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Biological Conversion Technologies Anaerobic Digestion

Biological Conversion Technologies Anaerobic Digestion. Training on Technologies for Converting Waste Agricultural Biomass into Energy Organized by United Nations Environment Programme (UNEP DTIE IETC) 23-25 September, 2013 San Jose, Costa Rica. Surya Prakash Chandak

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Biological Conversion Technologies Anaerobic Digestion

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  1. Biological Conversion Technologies Anaerobic Digestion Training on Technologies for Converting Waste Agricultural Biomass into Energy Organized by United Nations Environment Programme (UNEP DTIE IETC) 23-25 September, 2013 San Jose, Costa Rica Surya Prakash Chandak Senior Programme Officer International environmental Technology Centre Division of Technology, Industry and Economics Osaka, Japan

  2. CONTENT Introduction Fermentation Anaerobic Digestion Basic Process Factors Influencing Biogas Production Types of Biogas Digesters Biogas Yield

  3. INTRODUCTION Biological Conversion Conversion of the biomass to fuel by exposing biomass to certain microorganisms is called biological conversion. The secondary fuels are produced as a result of metabolic activity of the microorganisms. Fermentation and anaerobic digestions are the two most common biological conversion processes and products of these processes are ethanol and biogas. Today, ethanol is widely used as an alternative source of liquid fuels for the transport sector in countries and regions like USA, Brail, EU and China. Ethanol as a fuel offers many advantages such as high octane number (99) than petrol (80–100), low emission.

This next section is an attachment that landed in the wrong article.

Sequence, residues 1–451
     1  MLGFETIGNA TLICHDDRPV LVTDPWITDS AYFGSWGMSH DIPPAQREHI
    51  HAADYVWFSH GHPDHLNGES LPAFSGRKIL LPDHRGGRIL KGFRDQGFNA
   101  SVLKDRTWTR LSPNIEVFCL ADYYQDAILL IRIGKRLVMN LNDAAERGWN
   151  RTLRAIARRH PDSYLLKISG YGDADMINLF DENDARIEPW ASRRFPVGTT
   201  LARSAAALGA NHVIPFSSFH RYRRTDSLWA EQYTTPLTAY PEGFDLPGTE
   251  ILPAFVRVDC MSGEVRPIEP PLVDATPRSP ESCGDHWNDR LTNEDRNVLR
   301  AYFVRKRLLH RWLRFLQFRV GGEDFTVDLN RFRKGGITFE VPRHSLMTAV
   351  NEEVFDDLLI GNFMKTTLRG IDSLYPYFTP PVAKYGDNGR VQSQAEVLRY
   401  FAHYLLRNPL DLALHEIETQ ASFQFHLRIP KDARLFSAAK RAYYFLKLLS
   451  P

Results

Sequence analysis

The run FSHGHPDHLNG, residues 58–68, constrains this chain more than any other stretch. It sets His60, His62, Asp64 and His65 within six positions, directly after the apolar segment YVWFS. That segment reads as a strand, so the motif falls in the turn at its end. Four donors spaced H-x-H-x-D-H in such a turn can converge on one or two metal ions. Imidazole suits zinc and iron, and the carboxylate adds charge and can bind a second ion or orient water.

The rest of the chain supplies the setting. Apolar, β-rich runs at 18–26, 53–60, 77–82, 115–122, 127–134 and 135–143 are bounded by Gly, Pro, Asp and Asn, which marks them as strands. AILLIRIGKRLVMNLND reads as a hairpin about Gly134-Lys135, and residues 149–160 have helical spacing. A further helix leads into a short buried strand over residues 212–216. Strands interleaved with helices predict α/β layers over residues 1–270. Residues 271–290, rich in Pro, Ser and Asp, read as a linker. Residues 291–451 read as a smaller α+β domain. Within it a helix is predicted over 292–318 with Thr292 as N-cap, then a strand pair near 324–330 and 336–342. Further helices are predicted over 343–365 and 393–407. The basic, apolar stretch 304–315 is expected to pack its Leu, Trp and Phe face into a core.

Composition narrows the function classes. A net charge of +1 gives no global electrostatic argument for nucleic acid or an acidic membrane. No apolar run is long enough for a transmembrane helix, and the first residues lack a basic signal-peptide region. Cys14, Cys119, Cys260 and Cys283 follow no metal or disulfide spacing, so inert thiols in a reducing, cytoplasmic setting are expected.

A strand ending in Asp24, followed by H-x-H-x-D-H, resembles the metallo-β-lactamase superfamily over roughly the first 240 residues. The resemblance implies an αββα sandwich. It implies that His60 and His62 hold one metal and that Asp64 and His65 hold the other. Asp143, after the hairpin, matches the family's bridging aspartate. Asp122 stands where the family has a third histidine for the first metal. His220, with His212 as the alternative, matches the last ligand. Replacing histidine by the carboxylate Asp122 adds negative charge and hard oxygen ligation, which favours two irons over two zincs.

4. INTRODUCTION Biogas Biogas originates from the bio-degradation of organic material under anaerobic conditions. Today biogas has several applications such as industrial and household cooking, lighting, radiant heaters and incubators for agricultural purposes and absorption refrigerators. Biogas system provides a whole range of benefits for their users, the society and the environment in general.

  5. INTRODUCTION Biogas Benefits: Production of energy (heat, light, electricity), Transformation of organic waste into high quality fertilizer, Improvement of hygienic conditions via reduction of pathogens,worm eggs and flies, Increase of productivity, mainly for women, in firewood collection and cooking, Environmental advantages through protection of soil, water, air and woody vegetation, Micro-economical benefits through energy and fertilizer substitution, Additional income sources and increasing yields of animal husbandry and agriculture, Macro-economical benefits through decentralized energy generation, import substitution and environmental protection.

  6. FERMENTATION Overview Fermentation is a natural process initiated by microorganisms, similar to common yeast cultures, under anaerobic conditions. Ethanol can derive from any material which contains sugar. In the Fermentation process, sugar elements such as glucose, fructose and sucrose are converted into ethanol and carbon dioxide as metabolic waste products. The net chemical equation for the production of ethanol from glucose is:

  7. FERMENTATION Bio-ethanol The raw materials used in the production of ethanol via fermentation are mainly classified into three types as sugars, starches, and cellulose materials. Sugars (extracted from from sugarcane, sugar beets, molasses, and fruits) can be converted into ethanol directly. But starches (from corn, cassava, potatoes, and root crops) and cellulose (from wood, agricultural residues, waste sulfite liquor from pulp, and paper mills) are needed to pre-treat prior the fermentation. The final product, ethanol (C2H5OH) mixed with small amounts of methanol or higher alcohols and diluted in water.

  8. FERMENTATION Bio-ethanol

  9. ANAEROBIC DIGESTION • Basic Process • A simplified stoichiometry for anaerobic digestion of biomass is; • The whole process of biogas production from organic wastes occurred in main three steps namely hydrolysis, acidification, and methane formation. • Three types of bacteria namely fermentative, acetogenic and methanogenic are involved in hydrolysis, acidification and methane formation, respectively.